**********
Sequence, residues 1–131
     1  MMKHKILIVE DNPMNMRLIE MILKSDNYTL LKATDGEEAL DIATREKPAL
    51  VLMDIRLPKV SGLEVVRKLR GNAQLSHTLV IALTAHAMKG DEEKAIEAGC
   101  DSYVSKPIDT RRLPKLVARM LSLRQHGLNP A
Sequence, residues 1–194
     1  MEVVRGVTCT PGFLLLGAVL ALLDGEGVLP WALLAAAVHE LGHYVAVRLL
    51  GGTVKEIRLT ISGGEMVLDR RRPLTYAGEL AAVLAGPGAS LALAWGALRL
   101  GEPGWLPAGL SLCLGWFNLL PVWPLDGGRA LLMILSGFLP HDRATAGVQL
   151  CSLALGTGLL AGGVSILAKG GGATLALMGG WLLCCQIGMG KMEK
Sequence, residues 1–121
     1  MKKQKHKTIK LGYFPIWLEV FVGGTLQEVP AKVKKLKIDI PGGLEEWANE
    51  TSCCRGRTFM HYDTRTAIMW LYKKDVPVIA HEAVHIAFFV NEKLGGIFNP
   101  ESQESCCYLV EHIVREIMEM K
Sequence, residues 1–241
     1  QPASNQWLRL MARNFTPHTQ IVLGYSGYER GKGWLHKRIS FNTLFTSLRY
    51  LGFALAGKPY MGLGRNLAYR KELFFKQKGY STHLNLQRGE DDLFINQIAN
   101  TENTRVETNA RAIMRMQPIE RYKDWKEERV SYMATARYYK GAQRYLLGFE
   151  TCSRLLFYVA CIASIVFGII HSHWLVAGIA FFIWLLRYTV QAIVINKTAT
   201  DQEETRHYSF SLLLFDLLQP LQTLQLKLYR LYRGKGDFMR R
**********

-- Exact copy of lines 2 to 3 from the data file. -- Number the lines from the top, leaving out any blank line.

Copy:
     1  MMKHKILIVE DNPMNMRLIE MILKSDNYTL LKATDGEEAL DIATREKPAL
    51  VLMDIRLPKV SGLEVVRKLR GNAQLSHTLV IALTAHAMKG DEEKAIEAGC